Evaluating medical radiation technologists’ image interpretation accuracy and clinical practice relative to their postgraduate educational experience in New Zealand
Citation:Kumar, R. D. (2007). Evaluating medical radiation technologists’ image interpretation accuracy and clinical practice relative to their postgraduate educational experience in New Zealand. Unpublished thesis submitted in partial fulfillment of the degree of Master of Health Science, Unitec New Zealand, New Zealand.
Permanent link to Research Bank record:http://hdl.handle.net/10652/1350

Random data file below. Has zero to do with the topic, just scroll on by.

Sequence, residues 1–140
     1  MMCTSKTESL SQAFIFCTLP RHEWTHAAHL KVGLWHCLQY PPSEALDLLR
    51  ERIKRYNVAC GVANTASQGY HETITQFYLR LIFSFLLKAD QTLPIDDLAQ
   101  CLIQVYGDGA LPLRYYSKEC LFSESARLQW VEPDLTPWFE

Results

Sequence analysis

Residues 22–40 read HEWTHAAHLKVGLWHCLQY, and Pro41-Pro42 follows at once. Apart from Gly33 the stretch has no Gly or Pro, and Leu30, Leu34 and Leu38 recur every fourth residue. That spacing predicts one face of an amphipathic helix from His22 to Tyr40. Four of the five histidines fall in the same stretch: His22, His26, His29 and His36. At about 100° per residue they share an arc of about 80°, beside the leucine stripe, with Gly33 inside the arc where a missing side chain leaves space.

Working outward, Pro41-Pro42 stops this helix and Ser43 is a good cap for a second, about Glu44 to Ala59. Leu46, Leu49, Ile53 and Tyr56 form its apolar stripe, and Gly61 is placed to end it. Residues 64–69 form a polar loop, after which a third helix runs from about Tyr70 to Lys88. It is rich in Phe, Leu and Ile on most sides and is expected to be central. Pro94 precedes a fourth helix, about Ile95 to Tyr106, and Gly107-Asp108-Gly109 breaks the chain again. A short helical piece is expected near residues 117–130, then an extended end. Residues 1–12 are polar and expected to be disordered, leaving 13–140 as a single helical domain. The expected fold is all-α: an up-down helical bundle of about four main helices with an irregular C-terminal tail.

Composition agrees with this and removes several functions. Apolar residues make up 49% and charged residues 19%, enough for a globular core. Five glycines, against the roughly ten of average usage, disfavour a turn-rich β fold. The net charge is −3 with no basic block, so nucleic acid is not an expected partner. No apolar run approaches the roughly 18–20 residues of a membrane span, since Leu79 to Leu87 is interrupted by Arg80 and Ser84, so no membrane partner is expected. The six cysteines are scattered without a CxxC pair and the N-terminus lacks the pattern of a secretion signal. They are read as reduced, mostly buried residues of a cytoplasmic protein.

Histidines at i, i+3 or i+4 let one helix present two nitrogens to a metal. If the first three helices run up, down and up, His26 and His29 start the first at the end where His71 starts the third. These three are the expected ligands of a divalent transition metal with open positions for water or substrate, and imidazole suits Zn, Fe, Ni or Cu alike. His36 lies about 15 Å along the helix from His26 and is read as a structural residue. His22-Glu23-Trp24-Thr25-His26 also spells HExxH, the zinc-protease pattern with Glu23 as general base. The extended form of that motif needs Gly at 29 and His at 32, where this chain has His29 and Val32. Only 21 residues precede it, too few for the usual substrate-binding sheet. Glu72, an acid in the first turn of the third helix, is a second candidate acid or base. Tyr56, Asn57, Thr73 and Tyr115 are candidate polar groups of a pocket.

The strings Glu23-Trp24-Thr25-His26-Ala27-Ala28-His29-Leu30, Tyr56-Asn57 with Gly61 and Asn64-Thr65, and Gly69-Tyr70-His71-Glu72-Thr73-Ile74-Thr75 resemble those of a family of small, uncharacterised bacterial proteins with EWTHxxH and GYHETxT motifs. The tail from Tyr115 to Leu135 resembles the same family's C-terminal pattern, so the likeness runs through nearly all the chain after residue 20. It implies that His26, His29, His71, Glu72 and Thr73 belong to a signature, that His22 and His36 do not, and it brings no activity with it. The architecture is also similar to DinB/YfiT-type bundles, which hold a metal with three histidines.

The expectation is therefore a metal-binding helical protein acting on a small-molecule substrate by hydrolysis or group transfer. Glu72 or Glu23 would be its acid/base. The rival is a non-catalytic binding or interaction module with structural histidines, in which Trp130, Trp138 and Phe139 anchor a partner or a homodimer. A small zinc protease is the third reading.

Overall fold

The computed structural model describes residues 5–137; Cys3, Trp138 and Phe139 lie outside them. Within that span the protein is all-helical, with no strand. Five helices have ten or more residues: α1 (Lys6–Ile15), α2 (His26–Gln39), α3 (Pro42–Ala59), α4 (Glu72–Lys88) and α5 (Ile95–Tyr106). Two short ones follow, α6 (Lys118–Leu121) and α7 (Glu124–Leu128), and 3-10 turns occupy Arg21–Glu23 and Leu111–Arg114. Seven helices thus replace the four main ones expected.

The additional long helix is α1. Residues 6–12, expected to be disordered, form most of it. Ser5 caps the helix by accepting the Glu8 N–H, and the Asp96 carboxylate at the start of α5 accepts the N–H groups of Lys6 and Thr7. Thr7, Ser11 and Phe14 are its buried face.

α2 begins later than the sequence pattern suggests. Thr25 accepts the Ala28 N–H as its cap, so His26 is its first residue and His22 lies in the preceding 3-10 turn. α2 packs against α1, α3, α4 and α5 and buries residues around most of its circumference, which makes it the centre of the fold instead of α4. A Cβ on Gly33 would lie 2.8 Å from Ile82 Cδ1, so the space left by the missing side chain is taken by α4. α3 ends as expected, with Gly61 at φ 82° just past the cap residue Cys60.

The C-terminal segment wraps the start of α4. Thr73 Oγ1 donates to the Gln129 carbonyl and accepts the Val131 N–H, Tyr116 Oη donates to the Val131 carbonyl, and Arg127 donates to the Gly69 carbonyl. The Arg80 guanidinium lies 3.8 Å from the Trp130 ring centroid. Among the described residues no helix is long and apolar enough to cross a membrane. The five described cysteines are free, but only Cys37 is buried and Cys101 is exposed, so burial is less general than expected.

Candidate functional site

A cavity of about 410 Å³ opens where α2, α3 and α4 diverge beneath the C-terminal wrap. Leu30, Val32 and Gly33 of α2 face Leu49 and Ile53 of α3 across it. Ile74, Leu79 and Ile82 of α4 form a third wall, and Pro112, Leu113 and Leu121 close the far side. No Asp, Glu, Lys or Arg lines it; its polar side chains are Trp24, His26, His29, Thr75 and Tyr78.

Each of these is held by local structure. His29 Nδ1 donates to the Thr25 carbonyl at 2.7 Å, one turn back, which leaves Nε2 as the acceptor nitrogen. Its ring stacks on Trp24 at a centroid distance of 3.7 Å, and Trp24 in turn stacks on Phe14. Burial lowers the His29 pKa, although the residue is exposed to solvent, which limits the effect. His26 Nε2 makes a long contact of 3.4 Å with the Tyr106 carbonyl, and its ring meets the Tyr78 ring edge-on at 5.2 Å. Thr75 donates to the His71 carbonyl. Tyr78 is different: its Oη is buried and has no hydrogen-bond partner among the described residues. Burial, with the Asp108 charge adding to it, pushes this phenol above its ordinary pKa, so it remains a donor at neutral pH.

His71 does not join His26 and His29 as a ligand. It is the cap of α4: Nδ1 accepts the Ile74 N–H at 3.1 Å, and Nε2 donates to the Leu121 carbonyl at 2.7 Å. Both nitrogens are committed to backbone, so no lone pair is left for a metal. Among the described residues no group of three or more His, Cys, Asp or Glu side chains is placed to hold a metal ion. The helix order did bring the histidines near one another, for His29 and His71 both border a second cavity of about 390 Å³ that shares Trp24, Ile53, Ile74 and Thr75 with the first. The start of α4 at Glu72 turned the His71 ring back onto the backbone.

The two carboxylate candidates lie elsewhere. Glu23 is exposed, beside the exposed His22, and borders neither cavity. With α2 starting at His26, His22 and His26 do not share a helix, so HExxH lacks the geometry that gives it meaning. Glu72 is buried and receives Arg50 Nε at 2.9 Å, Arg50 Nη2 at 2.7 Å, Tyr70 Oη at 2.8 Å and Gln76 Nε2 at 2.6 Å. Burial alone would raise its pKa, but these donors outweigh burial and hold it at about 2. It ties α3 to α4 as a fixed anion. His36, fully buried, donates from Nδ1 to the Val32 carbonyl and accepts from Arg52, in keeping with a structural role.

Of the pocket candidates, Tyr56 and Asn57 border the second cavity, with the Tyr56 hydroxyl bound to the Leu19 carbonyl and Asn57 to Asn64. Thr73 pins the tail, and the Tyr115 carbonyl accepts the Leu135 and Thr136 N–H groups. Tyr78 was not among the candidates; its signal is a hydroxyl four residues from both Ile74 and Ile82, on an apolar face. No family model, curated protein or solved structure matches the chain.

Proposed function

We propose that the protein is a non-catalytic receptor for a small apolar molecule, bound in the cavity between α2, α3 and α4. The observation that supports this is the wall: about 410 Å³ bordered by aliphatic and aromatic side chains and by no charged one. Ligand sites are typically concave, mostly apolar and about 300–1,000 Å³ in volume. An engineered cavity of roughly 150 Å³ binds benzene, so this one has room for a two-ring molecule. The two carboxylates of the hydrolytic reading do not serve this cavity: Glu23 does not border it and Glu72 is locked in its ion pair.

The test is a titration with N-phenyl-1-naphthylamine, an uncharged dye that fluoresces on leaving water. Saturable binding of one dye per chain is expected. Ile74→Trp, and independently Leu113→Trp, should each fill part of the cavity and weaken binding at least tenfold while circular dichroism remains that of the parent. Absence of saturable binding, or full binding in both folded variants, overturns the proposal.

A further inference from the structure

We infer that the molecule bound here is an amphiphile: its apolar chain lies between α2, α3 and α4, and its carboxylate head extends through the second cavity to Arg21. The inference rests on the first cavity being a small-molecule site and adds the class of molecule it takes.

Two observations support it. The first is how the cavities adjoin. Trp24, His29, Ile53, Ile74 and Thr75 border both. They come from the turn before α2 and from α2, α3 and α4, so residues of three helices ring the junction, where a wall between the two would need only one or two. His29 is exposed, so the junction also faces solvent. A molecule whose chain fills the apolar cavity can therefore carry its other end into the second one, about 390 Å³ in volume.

This study focuses on the effect of postgraduate education on image interpretation of trauma to the appendicular skeleton from a New Zealand (NZ) perspective. It evaluates the changes in the reporting accuracy and the clinical practice of ten Medical Radiation Technologists (MRTs) who underwent the educational intervention. This is in context with the steps taken by the MRT counterparts in the United Kingdom (UK) to extend their role in trauma image interpretation. The study further addresses the issues that the participating MRTs encountered relative to their educational experience. The research method was a case study conducted longitudinally from September 2006 to June 2007. A mixed method approach that blends the quantitative and the qualitative methods was used for data collection. The ten MRTs in the study submitted 400 reports which were accompanied by reports from radiologists, which were treated as the gold standard. A questionnaire was completed by the MRTs at the onset and again towards the end of the study. In addition, four of the MRTs and four of the radiologists, acting as the MRTs’ mentors, were interviewed towards the end of the study. Findings showed that as the MRTs progressed in their postgraduate educational experience, their clinical practice was enhanced enormously. By the time all the MRTs in the study were half way through their educational intervention; they exhibited accuracy levels of 100 percent and maintained that stable performance till the end of the study. The contribution of both the academic and clinical components of the postgraduate education was evident in playing a vital role in these developments. The ten MRTs’ individual circumstances and characteristics as well as their work profiles and their operational demands were further found to have some effect on the changes that were noted. The conclusion that was drawn from this study was that the wealth of knowledge in image interpretation possessed by MRTs can be improved through appropriate postgraduate education in trauma reporting. This study suggests that, if appropriately implemented, postgraduate education in trauma reporting is effective in enhancing the interpretation accuracy and the clinical practice of MRTs. The research findings provide potential to aid in the facilitation of future developments in possible role extension areas such as image interpretation in emergency departments (EDs) for the MRTs in NZ, especially in remote and rural settings.